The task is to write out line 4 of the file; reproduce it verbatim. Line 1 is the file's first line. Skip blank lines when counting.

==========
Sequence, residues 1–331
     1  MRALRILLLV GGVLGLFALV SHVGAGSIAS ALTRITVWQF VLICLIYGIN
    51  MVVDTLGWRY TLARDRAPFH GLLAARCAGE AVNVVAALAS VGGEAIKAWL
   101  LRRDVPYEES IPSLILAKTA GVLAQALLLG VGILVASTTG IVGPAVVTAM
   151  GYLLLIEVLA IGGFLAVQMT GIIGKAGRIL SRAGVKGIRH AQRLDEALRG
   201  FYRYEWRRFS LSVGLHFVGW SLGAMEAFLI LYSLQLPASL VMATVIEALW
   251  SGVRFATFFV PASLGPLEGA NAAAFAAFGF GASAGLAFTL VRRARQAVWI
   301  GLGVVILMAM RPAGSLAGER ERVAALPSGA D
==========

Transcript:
   101  LRRDVPYEES IPSLILAKTA GVLAQALLLG VGILVASTTG IVGPAVVTAM